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Narcissus,d. A.D. 54, secretary of the Roman Emperor Claudius I. A freedman with great influence, he revealed to Claudius the intrigue of MessalinaMessalina
(Valeria Messalina) , d. A.D. 48, Roman empress, wife of Claudius I. She was the mother of his children, Britannicus and Octavia. Her reputation for greed and lust was supposedly unknown to her husband until, in Claudius' absence, she publicly married her lover Caius
..... Click the link for more information. and expedited her death (A.D. 48). The woman that Narcissus chose for Claudius' next wife was, however, passed over in favor of Agrippina the YoungerAgrippina the Younger,
d. A.D. 59, Roman matron; daughter of Germanicus Caesar and Agrippina the Elder. By her first husband, Cneius Domitius Ahenobarbus, she was the mother of Nero.
..... Click the link for more information. , who was hostile to Narcissus. After Claudius' death she drove Narcissus to commit suicide. In the course of his lifetime Narcissus amassed a huge fortune.
Narcissus(närsĭs`əs), in Greek mythology, beautiful youth who refused all offers of love, including that of EchoEcho,
in Greek mythology, mountain nymph. She assisted Zeus in one of his amorous adventures by distracting Hera with her chatter. For this Hera made her unable to speak except to repeat another's last words.
..... Click the link for more information. . As punishment for his indifference he was made to fall in love with his own image in a mountain pool. Unable to possess the image, he pined away and was turned into a flower.
Narcissus(närsĭs`əs), in the New Testament, Roman whose household was partly Christian.
, common name for some members of the Amaryllidaceae, a family of mostly perennial plants with narrow, flat leaves and with lilylike flowers borne on separate, leafless stalks.
..... Click the link for more information. .
in Greek mythology a beautiful youth, the son of the river god Cephissus. Because he spurned the love of the nymph Echo, Narcissus was punished by Aphrodite: he fell in love with his own reflection in the water and died from unrequited passion. According to the myth, the gods transformed Narcissus into a flower.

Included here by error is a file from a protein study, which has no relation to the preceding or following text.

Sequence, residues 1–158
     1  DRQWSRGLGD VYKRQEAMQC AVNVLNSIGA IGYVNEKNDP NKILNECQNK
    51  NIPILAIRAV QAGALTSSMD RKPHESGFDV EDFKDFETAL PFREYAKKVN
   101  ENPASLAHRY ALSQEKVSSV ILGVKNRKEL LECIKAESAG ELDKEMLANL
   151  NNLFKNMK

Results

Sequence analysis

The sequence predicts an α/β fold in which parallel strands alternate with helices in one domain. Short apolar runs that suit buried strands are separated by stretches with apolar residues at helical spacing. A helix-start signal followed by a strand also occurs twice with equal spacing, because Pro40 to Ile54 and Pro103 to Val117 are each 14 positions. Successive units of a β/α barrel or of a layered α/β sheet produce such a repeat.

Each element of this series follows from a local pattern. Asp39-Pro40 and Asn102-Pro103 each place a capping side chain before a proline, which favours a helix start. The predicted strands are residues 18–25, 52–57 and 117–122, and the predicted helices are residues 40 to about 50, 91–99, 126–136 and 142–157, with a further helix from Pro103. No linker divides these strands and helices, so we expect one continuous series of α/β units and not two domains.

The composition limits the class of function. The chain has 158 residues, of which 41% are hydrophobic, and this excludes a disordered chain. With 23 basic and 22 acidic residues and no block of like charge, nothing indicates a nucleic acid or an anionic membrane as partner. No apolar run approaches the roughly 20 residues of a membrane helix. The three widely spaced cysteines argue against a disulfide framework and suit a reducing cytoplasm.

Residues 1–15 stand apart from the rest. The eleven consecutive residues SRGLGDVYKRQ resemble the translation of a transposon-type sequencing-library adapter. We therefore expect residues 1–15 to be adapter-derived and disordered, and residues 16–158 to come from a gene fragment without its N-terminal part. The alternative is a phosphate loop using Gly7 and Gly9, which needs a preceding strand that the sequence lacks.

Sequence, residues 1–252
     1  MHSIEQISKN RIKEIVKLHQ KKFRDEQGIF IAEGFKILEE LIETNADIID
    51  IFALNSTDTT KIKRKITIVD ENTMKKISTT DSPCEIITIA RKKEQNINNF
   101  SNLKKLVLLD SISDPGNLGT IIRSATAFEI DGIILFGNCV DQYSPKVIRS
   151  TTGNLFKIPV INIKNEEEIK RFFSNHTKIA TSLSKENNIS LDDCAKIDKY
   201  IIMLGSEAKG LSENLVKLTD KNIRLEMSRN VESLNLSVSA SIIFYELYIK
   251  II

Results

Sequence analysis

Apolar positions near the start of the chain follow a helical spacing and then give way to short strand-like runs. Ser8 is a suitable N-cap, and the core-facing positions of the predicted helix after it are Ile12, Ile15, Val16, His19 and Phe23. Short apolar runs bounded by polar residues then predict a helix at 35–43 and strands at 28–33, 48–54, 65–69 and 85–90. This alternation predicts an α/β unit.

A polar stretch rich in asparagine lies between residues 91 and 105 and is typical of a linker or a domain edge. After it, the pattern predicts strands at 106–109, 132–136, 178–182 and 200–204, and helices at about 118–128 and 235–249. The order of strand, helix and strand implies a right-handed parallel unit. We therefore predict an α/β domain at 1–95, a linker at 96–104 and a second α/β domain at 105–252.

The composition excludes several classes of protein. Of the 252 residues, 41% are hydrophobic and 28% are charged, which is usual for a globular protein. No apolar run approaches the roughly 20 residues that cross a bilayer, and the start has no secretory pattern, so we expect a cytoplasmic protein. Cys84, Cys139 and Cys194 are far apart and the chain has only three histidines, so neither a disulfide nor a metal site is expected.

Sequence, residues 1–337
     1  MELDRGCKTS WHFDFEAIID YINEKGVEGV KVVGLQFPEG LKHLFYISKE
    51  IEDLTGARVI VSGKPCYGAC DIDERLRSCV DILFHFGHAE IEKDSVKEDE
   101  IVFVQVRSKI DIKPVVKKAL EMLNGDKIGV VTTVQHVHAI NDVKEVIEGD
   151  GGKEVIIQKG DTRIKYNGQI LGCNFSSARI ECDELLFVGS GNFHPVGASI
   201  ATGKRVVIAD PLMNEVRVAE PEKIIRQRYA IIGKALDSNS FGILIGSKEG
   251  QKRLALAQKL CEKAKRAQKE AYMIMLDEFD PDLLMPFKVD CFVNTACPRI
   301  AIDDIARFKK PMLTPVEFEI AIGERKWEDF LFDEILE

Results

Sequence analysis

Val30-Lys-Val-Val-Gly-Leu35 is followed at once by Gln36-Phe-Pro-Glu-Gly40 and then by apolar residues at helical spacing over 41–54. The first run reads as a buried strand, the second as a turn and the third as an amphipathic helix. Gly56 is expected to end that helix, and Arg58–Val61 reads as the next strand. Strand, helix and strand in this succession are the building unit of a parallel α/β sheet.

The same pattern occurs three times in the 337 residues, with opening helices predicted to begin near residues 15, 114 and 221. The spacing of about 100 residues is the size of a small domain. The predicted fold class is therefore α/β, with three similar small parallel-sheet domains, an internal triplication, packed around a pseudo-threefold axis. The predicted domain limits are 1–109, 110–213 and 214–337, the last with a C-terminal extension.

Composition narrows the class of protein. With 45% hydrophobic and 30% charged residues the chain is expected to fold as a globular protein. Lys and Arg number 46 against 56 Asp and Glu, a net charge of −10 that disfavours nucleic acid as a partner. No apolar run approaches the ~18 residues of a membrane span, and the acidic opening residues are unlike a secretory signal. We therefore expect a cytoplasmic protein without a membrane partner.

a genus of herbaceous plants of the family Amaryllidaceae. The plants have perennial bulbs covered with brown layered scales. The leaves are linear, and the generally yellow or white flowers are solitary or in a cluster at the end of the flower stem. The perianth has a cylindrical tube and a spreading, six-segmented blade with a tubular, bell-shaped, or cuplike crown. The fruit is a fleshy capsule.
There are approximately 30 species of Narcissus (according to other data, up to 60), distributed primarily in the Mediterranean region. A single species, Narcissus angustifolius, grows wild in the USSR, in Transcarpathia. Narcissus are ornamentals that blossom in the spring. They are planted in gardens and parks and are raised for cuttings by forcing. Common single-flowered species include the daffodil (N. pseudonarcissus) and the poet’s narcissus (N. poëticus). Common species with several flowers include the polyanthus narcissus (N. tazetta) and the jonquil (N. jonquilla). The flowers of several species of Narcissus contain essential oils and are very fragrant; the bulbs contain a number of alkaloids.
O. M. POLETIKO